July 2019
Volume 60, Issue 9
Open Access
ARVO Annual Meeting Abstract  |   July 2019
How does age affect the contributions of head and eye movements to scanning at intersections?
Author Affiliations & Notes
  • Steven Savage
    Schepens Eye Research Institute of Mass. Eye and Ear, Department of Ophthalmology, Harvard Medical School, Boston, Massachusetts, United States
  • Lily Zhang
    Schepens Eye Research Institute of Mass. Eye and Ear, Department of Ophthalmology, Harvard Medical School, Boston, Massachusetts, United States
  • Garrett Swan
    Schepens Eye Research Institute of Mass. Eye and Ear, Department of Ophthalmology, Harvard Medical School, Boston, Massachusetts, United States
  • Alex R Bowers
    Schepens Eye Research Institute of Mass. Eye and Ear, Department of Ophthalmology, Harvard Medical School, Boston, Massachusetts, United States
  • Footnotes
    Commercial Relationships   Steven Savage, None; Lily Zhang, None; Garrett Swan, None; Alex Bowers, None
  • Footnotes
    Support  NIH grants R01-EY025677, S10-RR028122 and P30-EY003790
Investigative Ophthalmology & Visual Science July 2019, Vol.60, 3912. doi:https://doi.org/
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    • Get Citation

      Steven Savage, Lily Zhang, Garrett Swan, Alex R Bowers; How does age affect the contributions of head and eye movements to scanning at intersections?. Invest. Ophthalmol. Vis. Sci. 2019;60(9):3912. doi: https://doi.org/.

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      © ARVO (1962-2015); The Authors (2016-present)

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Abstract

Purpose : Older drivers are more likely to be involved in collisions at intersections. One reason may be that they do not visually scan their surroundings sufficiently well to detect hazards in a timely manner. Prior studies are conflicting and mostly based on head tracking (some reported older drivers made smaller and fewer scans than younger drivers, while others found no age differences). A more detailed investigation of head and eye movement scanning is needed, however, because older drivers may, for instance, make more use of eye than head movements as a result of reduced neck flexibility. We, therefore, evaluated the effects of age on the contributions of both head and eye movements to scanning at intersections.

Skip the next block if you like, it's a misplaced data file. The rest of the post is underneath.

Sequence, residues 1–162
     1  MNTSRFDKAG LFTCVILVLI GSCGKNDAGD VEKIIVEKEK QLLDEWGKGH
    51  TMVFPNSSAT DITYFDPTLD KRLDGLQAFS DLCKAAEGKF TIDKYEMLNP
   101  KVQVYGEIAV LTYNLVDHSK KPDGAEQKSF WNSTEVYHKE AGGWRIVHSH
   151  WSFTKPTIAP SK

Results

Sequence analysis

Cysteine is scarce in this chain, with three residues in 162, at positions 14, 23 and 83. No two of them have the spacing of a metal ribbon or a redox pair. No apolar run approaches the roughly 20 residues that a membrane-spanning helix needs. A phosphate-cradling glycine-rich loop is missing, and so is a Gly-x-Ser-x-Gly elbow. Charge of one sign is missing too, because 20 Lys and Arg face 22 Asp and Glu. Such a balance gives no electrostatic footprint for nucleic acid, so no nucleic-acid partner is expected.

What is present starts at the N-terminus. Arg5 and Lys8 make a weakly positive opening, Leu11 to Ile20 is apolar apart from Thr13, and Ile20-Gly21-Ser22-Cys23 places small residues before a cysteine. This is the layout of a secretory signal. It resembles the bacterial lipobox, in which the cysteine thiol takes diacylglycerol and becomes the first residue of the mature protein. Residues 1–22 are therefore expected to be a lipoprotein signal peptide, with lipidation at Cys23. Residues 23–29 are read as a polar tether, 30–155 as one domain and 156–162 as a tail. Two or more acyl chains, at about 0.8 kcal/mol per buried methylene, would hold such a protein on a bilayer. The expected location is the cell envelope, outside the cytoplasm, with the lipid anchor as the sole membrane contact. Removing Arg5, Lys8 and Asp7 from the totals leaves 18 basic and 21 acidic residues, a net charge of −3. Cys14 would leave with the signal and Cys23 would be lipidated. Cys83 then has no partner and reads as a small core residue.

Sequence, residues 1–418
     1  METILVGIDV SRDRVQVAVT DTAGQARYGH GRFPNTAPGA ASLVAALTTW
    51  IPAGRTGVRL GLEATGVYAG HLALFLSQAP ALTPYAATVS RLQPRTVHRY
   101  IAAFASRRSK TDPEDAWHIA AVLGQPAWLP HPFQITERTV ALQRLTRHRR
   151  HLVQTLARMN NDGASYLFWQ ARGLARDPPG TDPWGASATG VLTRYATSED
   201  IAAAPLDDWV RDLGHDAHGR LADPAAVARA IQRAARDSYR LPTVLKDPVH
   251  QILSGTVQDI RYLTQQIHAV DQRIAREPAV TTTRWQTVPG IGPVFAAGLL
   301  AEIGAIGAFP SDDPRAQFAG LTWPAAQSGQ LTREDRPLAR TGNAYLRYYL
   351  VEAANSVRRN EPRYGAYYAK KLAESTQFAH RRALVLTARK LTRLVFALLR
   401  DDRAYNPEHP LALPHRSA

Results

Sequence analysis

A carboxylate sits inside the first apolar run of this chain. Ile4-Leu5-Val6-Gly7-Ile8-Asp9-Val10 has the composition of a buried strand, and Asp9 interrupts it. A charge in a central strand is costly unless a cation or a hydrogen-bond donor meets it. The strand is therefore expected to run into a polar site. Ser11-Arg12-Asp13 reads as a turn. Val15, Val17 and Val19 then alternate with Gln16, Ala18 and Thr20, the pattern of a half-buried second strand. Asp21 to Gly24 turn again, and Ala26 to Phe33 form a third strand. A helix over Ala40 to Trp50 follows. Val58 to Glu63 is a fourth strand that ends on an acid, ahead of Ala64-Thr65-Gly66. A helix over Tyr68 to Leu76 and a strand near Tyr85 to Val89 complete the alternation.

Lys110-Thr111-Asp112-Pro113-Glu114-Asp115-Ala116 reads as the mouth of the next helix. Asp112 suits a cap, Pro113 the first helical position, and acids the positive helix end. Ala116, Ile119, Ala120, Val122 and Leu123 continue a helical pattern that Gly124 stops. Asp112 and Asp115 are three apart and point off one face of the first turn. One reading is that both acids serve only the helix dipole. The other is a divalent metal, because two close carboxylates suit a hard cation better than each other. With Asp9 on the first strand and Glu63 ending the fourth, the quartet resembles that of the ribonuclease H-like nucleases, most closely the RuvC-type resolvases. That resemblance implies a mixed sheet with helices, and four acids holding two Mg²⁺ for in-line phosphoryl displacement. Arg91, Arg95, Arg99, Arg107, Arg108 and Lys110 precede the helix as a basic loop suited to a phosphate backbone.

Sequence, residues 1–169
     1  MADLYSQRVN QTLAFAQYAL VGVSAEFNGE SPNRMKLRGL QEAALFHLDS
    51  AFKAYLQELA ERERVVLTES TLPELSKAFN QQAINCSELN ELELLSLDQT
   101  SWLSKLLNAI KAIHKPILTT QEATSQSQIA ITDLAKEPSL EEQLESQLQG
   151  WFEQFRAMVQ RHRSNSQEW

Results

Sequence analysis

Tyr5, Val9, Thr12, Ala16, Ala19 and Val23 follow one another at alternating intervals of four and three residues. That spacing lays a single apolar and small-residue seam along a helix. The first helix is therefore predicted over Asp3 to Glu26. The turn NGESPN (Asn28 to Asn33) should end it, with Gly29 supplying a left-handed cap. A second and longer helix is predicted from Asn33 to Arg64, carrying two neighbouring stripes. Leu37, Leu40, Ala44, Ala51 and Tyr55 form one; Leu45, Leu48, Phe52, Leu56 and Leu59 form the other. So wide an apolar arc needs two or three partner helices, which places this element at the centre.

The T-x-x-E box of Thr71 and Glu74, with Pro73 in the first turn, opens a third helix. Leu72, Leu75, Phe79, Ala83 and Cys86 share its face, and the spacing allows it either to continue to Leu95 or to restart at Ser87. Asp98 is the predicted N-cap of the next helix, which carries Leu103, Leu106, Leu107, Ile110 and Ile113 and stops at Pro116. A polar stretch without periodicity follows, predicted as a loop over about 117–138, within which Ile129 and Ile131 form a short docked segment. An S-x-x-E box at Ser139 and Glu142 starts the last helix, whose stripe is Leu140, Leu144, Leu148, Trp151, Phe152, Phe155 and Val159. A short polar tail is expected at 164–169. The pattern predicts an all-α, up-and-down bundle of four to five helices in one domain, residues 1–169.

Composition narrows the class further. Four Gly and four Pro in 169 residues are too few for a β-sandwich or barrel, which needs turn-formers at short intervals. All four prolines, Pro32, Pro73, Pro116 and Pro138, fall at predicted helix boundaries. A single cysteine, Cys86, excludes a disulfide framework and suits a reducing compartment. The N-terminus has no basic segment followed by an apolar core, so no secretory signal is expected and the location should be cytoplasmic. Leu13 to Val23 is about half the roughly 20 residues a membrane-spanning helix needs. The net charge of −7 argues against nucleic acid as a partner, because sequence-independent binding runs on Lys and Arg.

Methods : Eleven older (mean 67 years, range 61-81) and 18 younger (mean 27 years, range 20-41) current drivers with normal vision, drove in our simulator while their eye and head movements were tracked using a six-camera remote system. They completed 2 drives in a city, each about 15 minutes with 42 intersections. Scans, analyzed for 15 four-way intersections without cross traffic, were split into two categories: eye-only (consisting only of eye movements) and eye+head (a lateral head rotation with one or more eye saccades superimposed).

Results : Older drivers made significantly more eye-only scans than younger drivers (7.2 vs. 6.0 per intersection; p=.03) but fewer eye+head scans (2.1 vs. 2.8: p=.01), resulting in no age effects for all scans (p = .19). Older drivers made substantially smaller eye+head scans than younger drivers (35.5° vs. 47.3°, p<.001) as well as smaller eye-only scans (11° vs 12.3°, p= .02). For eye+head scans, older drivers made both a smaller head movement (19.8°, vs. 24.6°; p=.006) and had a smaller eye movement component (15.5° vs. 22.7°; p<.001).

Conclusions : Tracking both head and eye movements and splitting scans into two categories, provides new insights into scanning behaviors on approach to intersections. Older subjects made fewer of the large eye+head scans but more of the smaller eye-only scans. For eye+head scans, older subjects made both a smaller head movement and had a smaller eye movement component. These results may have important implications for driving safety as preliminary analyses of data from intersections with cross traffic suggest that more scans and larger scans are associated with safe detection of motorcycle hazards.

This abstract was presented at the 2019 ARVO Annual Meeting, held in Vancouver, Canada, April 28 - May 2, 2019.

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